When Forest City Ratner released new designs by SHoP Architects of the Barclays Center yesterday, it was seen as an effort to right a listing ship. But no sooner had those copper-hewed renderings hit the presses than the city’s Independent Budget Office released a report [PDF] today noting that the arena will cost the city $40 million in revenues over the next 30 years as a result of financial incentives granted to the developer. Furthermore, the city lost a potential $181 million in lost opportunities through tax breaks and incentives provided to the developer, which cost the state $16 million and the MTA $25 million, though the report also notes both will release a net gain of $25 million and $6 million, respectively, if the deal goes through.
When Boston’s Emerson College chose to open a satellite “campus” for students studying and interning in LA (it’s really just one building), the school would have been hard pressed to find a more suitable architect than Thom Mayne. After all, Morphosis has had a string of academic successes of late, including the new 41 Cooper Square in New York and the Cahill Center for Astronomy at Caltech. Indeed, some of the firm’s earliest successes were two high schools in Southern California. Now, Curbed alerts us to this latest project, complete with the above rendering. The details are kind of sketchy, though we do know there will be 224 residences in that La Defense-like box with classrooms in the inner blob, which is, like, so Thom Mayne.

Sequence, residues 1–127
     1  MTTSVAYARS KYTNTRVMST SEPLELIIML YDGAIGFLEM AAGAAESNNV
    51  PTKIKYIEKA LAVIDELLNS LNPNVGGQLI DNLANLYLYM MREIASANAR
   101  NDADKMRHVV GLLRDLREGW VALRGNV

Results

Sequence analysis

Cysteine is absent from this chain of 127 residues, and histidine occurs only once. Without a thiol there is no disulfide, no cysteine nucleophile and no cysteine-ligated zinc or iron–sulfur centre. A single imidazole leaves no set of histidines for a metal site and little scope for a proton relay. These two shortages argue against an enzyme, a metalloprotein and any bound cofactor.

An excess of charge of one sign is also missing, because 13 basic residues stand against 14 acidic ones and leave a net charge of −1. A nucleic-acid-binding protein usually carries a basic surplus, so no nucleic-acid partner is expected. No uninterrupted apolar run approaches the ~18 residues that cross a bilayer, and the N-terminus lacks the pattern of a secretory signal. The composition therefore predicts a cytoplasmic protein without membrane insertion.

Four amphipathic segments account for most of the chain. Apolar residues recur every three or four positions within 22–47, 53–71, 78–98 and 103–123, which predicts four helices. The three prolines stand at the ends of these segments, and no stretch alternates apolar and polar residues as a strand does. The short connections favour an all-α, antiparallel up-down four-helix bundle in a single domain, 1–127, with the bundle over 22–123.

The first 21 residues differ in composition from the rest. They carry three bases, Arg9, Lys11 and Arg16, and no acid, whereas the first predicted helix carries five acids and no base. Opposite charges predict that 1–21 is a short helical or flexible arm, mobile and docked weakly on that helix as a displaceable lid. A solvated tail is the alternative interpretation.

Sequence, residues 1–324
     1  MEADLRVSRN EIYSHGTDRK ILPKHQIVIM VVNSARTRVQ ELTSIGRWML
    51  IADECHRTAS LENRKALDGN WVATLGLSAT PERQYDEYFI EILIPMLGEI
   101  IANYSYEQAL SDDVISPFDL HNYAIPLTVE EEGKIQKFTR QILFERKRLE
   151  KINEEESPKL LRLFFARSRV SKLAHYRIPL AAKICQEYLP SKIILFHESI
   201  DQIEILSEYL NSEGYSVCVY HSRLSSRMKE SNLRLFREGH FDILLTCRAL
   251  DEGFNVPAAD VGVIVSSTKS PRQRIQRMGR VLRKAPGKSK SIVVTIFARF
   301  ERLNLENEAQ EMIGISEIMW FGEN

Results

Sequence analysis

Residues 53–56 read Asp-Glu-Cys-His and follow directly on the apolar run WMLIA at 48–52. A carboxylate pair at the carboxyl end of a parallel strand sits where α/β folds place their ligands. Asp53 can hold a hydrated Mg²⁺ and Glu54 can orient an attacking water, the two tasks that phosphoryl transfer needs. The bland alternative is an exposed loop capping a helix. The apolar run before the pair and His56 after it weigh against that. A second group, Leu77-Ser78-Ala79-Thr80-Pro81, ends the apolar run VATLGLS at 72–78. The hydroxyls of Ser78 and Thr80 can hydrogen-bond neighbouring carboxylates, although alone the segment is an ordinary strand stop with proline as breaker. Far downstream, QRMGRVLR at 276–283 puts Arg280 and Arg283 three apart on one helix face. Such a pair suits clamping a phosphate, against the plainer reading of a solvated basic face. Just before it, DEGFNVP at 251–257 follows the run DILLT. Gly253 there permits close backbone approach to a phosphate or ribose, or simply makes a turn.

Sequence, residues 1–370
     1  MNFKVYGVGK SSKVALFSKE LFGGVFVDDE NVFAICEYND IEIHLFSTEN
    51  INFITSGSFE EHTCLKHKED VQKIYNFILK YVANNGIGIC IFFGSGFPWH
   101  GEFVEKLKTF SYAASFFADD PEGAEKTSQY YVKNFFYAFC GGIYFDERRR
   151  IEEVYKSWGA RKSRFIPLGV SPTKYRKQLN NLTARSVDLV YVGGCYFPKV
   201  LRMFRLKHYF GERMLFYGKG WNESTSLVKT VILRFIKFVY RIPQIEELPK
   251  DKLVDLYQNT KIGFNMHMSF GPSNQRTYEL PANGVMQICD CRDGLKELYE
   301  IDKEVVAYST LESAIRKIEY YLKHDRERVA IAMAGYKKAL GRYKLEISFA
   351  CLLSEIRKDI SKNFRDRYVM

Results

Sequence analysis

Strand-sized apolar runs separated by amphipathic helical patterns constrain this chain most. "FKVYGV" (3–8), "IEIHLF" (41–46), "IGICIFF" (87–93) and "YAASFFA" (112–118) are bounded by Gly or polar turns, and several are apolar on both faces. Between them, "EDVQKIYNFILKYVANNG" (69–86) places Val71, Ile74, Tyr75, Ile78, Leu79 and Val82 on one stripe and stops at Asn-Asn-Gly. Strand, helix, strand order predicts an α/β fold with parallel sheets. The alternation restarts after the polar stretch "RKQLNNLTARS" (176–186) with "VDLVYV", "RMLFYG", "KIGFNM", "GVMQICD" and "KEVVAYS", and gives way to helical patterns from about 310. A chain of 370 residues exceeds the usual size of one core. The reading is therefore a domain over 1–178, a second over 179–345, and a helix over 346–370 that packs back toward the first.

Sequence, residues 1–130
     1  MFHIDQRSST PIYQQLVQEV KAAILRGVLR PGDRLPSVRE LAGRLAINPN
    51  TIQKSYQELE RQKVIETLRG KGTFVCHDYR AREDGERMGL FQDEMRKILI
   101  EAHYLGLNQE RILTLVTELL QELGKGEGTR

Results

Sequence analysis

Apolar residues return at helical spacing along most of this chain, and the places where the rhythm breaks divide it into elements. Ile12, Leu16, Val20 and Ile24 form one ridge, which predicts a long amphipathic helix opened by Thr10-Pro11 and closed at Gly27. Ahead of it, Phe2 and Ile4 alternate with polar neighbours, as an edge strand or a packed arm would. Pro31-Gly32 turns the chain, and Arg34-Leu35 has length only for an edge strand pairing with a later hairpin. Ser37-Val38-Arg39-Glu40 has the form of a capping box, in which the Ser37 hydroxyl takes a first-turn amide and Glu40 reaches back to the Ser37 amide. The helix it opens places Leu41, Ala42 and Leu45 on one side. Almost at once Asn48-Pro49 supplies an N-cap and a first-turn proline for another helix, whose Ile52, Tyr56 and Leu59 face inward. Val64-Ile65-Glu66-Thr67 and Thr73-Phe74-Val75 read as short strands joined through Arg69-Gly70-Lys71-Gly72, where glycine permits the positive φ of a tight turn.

Architecture for Humanity just announced the winner for the 2009 Open Architecture Challenge: Classroom. The global competition involved 1,000 registered design teams from 65 different countries. The challenge for the architecture, design, and engineering community was simple–partner with actual students and their schools to create real solutions for a classroom of the future. The winner, Teton Valley Community School in Victor, Idaho, was designed by local firm Section Eight. The concept is centered around the idea of place-based education in the school, a mode of learning that gives more importance to cultural and environmental sustainability than technology and consumerism. Read More
Big. Bold. Visionary: Chicago Considers the Next Century, another event commemorating the Burnham Plan Centennial, taps local architects, planners, and landscape architects to envision the ideal Windy City of the future. Some designers took a creative and sometimes whimsical approach, while others offered up more practical concepts. Read More
Among other scary lessons, the latest L.A. fire reminds us why it’s important to stick to a small footprint. As of this writing, the Station Fire in Los Angeles County has destroyed 64 homes, three commercial buildings, and 27 outbuildings, and has burned through at least 145,000 acres of land. In the midst of the blaze stands the historical Mt. Wilson Observatory, which was in danger from the nearby flames, but now appears to be safe. Read More
Sixty-eight degrees happens to be the best angle for the streets in San Francisco’s Treasure Island project, a utopian vision of green, pedestrian-centric living. The planners have realized that nobody will walk if they’re buffeted by blasts of wind that sweep the island from the southwest, so they came up with a compromise that blocks wind while giving cars enough clearance to turn.
It was just one of the interesting factoids that came up during yesterday’s tour, organized by the AIA SF for their Architecture + the City Festival, going on right now (still time to catch one of the other tours and get in on the learning and schmoozing!). Read More